Justices eye juror bias in Enron case
WASHINGTON — The Supreme Court yesterday voiced concern about juror bias in the 2006 trial in Houston of former Enron CEO Jeffrey Skilling. But during an hourlong argument in Skilling’s case, the intense news coverage of the Enron scandal was not blamed for the possible prejudice. Instead, the focus was on how the judge handled the screening of potential jurors to ensure a fair trial.
The justices heard arguments in Skilling v. United States, which challenges the vagueness of the “honest services” fraud law under which Skilling was prosecuted. But the Court spent a surprisingly long time debating what had been previously seen as a secondary issue: whether the jury pool was so tainted by bias against Enron that even the most rigorous questioning could not produce a fair trial for Skilling.
When the energy company Enron collapsed in 2001, it had such a deep impact on the economy and people of Houston that the entire city was portrayed as a victim, and the debacle was compared to the Sept. 11, 2001, attacks on New York’s World Trade Center.
As a result, Skilling’s lawyer argued, there should have been an irrebuttable presumption or prejudice and the trial should have been moved out of Houston.
News media organizations, fearing that creating such a presumption would lead judges in the future to shut off pretrial press access to avoid a change of venue, filed a brief in the case. “Declaring a presumption of prejudice arising from pretrial press coverage of a prosecution to be irrebuttable would inevitably undermine the many significant public benefits provided by open access to the criminal justice system,” the brief states.
But during yesterday’s arguments, there seemed to be little appetite for such a presumption, and the press coverage was not the scapegoat that the news media feared. At one point, Justice Ruth Bader Ginsburg remarked that from her reading of the questionnaires filled out by potential jurors in Skilling’s case, “what was remarkable … [was that] there were a lot of people who did not read the newspapers. There were a lot of people who indicated that they really didn’t know anything about this.”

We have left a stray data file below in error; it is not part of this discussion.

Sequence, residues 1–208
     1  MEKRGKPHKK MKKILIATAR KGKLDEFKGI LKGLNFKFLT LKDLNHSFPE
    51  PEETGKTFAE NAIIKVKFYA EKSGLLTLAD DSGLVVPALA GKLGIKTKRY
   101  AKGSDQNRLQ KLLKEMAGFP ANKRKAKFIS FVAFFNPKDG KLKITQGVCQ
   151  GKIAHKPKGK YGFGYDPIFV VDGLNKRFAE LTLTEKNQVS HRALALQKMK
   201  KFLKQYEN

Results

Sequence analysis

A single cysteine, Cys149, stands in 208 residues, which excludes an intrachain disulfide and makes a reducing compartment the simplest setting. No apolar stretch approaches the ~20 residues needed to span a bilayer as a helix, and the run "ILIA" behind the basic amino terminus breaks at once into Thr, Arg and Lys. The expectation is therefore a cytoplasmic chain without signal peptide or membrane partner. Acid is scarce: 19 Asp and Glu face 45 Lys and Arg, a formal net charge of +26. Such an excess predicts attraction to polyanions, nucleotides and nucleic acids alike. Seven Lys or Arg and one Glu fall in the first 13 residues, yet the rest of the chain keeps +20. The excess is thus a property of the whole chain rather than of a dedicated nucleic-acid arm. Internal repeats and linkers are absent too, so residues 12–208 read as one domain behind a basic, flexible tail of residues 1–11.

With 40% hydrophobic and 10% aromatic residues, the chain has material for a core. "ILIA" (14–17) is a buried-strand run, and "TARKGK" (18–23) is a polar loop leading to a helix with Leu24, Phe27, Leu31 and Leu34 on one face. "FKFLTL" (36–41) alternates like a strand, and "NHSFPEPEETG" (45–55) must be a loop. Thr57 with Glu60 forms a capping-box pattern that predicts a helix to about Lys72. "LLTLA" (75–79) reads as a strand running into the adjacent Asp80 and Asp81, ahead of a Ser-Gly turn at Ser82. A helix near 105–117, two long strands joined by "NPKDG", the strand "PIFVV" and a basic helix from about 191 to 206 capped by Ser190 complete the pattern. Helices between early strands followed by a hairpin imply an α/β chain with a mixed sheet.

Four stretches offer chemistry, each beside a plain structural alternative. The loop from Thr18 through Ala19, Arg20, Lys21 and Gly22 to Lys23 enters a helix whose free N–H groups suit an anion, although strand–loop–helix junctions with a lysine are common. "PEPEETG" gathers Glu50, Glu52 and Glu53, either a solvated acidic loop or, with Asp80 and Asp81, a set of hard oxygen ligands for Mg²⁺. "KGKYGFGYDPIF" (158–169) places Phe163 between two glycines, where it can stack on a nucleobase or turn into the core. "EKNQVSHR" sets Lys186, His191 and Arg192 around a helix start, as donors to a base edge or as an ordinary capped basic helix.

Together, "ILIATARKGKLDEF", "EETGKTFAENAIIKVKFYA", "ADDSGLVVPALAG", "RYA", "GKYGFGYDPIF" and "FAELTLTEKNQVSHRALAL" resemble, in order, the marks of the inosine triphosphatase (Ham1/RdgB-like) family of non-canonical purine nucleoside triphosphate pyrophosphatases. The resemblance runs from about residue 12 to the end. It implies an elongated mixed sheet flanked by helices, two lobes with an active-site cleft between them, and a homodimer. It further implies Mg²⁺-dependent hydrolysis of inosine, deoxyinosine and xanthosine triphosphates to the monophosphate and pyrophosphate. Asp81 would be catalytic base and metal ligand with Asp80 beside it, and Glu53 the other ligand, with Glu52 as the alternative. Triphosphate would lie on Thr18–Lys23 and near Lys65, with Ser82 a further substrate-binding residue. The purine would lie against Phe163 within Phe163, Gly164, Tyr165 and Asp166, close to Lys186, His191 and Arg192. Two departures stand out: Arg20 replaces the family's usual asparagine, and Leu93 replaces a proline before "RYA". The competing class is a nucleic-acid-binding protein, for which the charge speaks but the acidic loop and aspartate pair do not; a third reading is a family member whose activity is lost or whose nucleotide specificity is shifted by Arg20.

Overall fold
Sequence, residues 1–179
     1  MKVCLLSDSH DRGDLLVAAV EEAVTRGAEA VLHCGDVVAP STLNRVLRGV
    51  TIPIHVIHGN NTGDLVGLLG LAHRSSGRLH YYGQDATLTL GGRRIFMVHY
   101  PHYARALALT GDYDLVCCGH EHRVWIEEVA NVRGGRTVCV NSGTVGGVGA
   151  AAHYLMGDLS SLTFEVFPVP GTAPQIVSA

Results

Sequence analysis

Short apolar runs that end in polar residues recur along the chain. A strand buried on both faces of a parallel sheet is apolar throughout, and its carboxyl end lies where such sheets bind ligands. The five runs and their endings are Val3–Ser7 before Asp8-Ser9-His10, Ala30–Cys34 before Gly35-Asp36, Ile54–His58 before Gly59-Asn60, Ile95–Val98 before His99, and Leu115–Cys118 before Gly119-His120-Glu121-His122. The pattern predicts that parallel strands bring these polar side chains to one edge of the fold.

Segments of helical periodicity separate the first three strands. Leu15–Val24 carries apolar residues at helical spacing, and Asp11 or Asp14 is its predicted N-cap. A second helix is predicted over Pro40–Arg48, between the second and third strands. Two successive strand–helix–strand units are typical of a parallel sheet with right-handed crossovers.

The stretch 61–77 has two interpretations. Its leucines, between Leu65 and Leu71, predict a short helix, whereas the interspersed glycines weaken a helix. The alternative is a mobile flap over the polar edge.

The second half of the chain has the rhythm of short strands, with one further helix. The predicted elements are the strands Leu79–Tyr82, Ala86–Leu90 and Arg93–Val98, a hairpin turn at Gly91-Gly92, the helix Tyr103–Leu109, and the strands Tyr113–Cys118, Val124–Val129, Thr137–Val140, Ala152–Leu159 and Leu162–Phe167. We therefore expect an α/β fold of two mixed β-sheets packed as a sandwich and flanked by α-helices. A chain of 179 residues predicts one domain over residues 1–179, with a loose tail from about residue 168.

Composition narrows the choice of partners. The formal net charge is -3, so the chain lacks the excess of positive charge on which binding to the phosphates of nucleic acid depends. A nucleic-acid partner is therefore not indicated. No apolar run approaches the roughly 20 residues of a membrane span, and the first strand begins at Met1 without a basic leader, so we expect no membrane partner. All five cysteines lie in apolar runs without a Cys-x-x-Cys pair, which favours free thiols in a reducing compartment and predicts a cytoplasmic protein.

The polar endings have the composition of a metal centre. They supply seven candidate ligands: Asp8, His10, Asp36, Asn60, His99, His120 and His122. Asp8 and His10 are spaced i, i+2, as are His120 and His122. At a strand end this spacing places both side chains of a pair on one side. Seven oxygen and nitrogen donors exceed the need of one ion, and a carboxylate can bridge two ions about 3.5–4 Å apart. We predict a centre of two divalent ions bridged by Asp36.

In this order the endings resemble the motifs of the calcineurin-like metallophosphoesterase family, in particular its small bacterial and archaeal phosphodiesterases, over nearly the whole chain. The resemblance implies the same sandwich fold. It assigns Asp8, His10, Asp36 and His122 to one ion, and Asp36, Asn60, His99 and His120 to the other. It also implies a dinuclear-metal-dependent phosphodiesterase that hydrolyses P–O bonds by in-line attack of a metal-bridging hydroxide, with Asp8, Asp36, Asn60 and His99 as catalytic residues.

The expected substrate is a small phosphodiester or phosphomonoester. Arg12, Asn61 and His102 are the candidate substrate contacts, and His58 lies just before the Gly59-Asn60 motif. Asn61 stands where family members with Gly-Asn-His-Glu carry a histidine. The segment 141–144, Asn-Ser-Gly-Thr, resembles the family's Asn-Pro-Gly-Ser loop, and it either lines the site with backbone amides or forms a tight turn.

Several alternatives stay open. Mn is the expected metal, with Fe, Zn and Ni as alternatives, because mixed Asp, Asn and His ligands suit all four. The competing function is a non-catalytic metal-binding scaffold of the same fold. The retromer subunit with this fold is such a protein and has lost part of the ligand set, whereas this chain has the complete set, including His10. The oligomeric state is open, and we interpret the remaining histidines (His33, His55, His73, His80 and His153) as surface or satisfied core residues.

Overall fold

That prompted Skilling’s advocate Sri Srinivasan to say, “Our argument is not — and it hasn’t been at any point in this proceeding — that pretrial publicity caused the passion and prejudice in the community … . This was very much a case in which pretrial publicity was a symptom rather than a cause.”
Srinivasan added, “This was a case in which the passions existed regardless of pretrial publicity.”
On the other side of the case, Deputy Solicitor General Michael Dreeben also seemed to be protective of the press coverage. He accused Skilling’s lawyers of “immense distortion” in their depiction of the intense news coverage of the Skilling case. Dreeben pointed to one potential juror who said she thought Skilling was guilty of some crime, but under questioning she said, “I don’t really watch the news at all; I’m a turtle person.”
Dreeben also said the juror screening conducted by trial judge Sim Lake was sufficient to produce a fair jury, noting that Skilling himself was acquitted on nine counts of insider trading. Several other Enron-related trials also resulted in acquittals, Dreeben added.
In the end, the focus of the Court during the arguments was not on the press but on the judge — and not all of it negative. Justice Stephen Breyer, in particular, did not want the case to result in a rule that would tie the hands of trial judges or make jury screening more lengthy or complicated. Breyer said he was “really worried” about getting into “the business of running the trial court’s trials.”